|Sunday, 25 September 2005|
Unrealistic rates hit seafood exports
by Elmo Leonard
Sri Lanka's seafood exports, which were thriving till recent months, making use of supplies brought in by foreign ships, and the scrapping of GSP - General Sales Preference to the EU, following the tsunami, is now finding supplies dwindling.
The reason: the authorities are now charging unrealistic rates from foreign vessels calling at local harbours, the Seafood Exporters' Association of Sri Lanka (SEASL) said.
Fish catch landed in the Mutwal Harbour has declined from 7,000 tonnes in 2002 to an estimated 2,000 tonnes for 2005, according to Ceylon Fisheries Harbour Corporation data.
Among many recommendations SEASL made to the Ministry of Fisheries (MF) is the removal of most levies charged on foreign vessels which land their catch here, and motivation to unload in Colombo, not as a transit port but a port with facilities for value addition and reexports.
Sri Lanka's exports of tuna is mainly to the EU, USA and Japan; processed fish in value added form is totally exported to the EU. Foreign fishing vessels contracted under BOI and those calling here, continued to feed the island's fish exports, notwithstanding that 50 percent of the island's fishing fleet was lost to the tsunami.
The Maldives, which was Sri Lanka's largest supplier, has in recent months opened five privately owned tuna processing plants, in addition to the state processing unit MIFCO, all capable of meeting EU and US export standard specifications.
The Maldives, which for long enjoys duty free access to the EU, for the first five months of this year exported 669.3 tonnes of tuna (197 tonnes in May) in comparison to 251 tonnes from January to end-May 2004, according to Infofish, Malaysia.
The Maldives, Thailand, Malaysia, Indonesia and Singapore, in the region continue to offer concessions to lure foreign catch, while improving their export processing activities.
While Sri Lanka is within the main tuna migratory routes and Malaysia nowhere near, $180 million has been invested to upgrade the Penang Port. Singapore which has no fishing grounds or EEZ is a major exporter of frozen tuna and swordfish products to USA. In 2003 Singapore exported 67,782 tonnes of fish filets and in 2004, 92,923 tonnes to the US, according to international statistics.
The BOI encourages foreign companies which fish outside Sri Lanka's EEZ to land fish here, by offering tax holidays, fiscal incentives and exchange control exemptions, A BOI official said.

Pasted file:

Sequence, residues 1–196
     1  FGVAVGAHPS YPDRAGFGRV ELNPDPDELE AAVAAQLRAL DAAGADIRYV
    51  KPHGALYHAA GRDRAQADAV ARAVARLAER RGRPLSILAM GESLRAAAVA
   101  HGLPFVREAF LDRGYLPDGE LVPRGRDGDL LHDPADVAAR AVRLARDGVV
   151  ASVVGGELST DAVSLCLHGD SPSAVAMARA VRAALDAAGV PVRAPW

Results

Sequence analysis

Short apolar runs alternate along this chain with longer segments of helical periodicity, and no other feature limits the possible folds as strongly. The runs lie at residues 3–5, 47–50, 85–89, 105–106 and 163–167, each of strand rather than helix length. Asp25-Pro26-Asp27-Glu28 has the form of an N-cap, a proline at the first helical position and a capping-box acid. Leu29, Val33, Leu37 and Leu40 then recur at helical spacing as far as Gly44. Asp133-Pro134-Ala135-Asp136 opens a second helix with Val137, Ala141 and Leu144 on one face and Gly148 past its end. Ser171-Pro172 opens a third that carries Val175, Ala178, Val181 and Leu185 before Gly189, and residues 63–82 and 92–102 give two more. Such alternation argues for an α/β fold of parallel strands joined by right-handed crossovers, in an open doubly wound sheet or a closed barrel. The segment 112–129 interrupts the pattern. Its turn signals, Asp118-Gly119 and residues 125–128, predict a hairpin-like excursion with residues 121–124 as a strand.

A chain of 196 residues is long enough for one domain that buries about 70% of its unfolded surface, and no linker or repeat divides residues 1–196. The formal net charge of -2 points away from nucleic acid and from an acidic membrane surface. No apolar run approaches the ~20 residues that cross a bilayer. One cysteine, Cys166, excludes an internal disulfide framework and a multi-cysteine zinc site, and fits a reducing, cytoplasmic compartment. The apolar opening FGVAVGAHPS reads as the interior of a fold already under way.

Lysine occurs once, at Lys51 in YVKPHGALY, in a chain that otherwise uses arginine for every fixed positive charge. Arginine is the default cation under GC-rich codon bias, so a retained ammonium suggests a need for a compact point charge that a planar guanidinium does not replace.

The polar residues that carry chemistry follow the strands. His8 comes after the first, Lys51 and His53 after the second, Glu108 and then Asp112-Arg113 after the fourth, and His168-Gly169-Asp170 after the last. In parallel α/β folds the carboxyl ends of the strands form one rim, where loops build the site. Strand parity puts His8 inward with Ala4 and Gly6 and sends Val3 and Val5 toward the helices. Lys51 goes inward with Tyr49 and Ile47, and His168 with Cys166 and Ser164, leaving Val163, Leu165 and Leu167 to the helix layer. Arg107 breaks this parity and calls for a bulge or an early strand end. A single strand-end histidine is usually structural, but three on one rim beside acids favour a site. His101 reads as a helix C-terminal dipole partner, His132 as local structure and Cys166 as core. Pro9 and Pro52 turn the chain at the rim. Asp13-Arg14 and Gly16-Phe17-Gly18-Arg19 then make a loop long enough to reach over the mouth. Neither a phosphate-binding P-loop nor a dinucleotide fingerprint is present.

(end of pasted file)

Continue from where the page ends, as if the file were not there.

The Maldivian government charges a royalty of $50 per tonne of fish landed and a licence fee for catching fish within her EEZ. Singapore does not levy any charges. Sri Lanka does not charge royalty or a licence fee as no foreign vessel is allowed to fish within its EEZ.
Among the representations made by SEASL to the authorities are the gradual levies charged by the Ceylon Fisheries Harbours Corporation (CFHC) and the Ceylon Fisheries Corporation (CFC) is driving out foreign fish companies to ports outside Sri Lanka, SEASL president, Roshan Fernando said.
CFC charges US cents 20 per kilo for vessels landing in Mutwal, Colombo, while the Maldives charges $50 per tonne (US 0.05 per kilo). Twenty-five percent of the catch which is exportable to the EU should be sold to the CFC at approximately Rs 200 per kilo below current market price.
No such practices are carried out by other tuna fish exporting countries, a senior director of the Ministry of Fisheries said. Among other charges, CFA intends charging Rs 10 per kilo from October 2005, now put on hold.
On the contrary, with the liberalisation of charges levied, Sri Lanka could earn much foreign exchange from the handling of fish, supply of fuel and water, processing of fish, exports, and a host of other funds coming into the country, the Fisheries Ministry director said.
Already, 100,000 persons of both sexes are employed in the fish
processing and export industry and some of them would loose their jobs if
immediate action is not taken to rectify the matter, Fernando said.
Produced by Lake House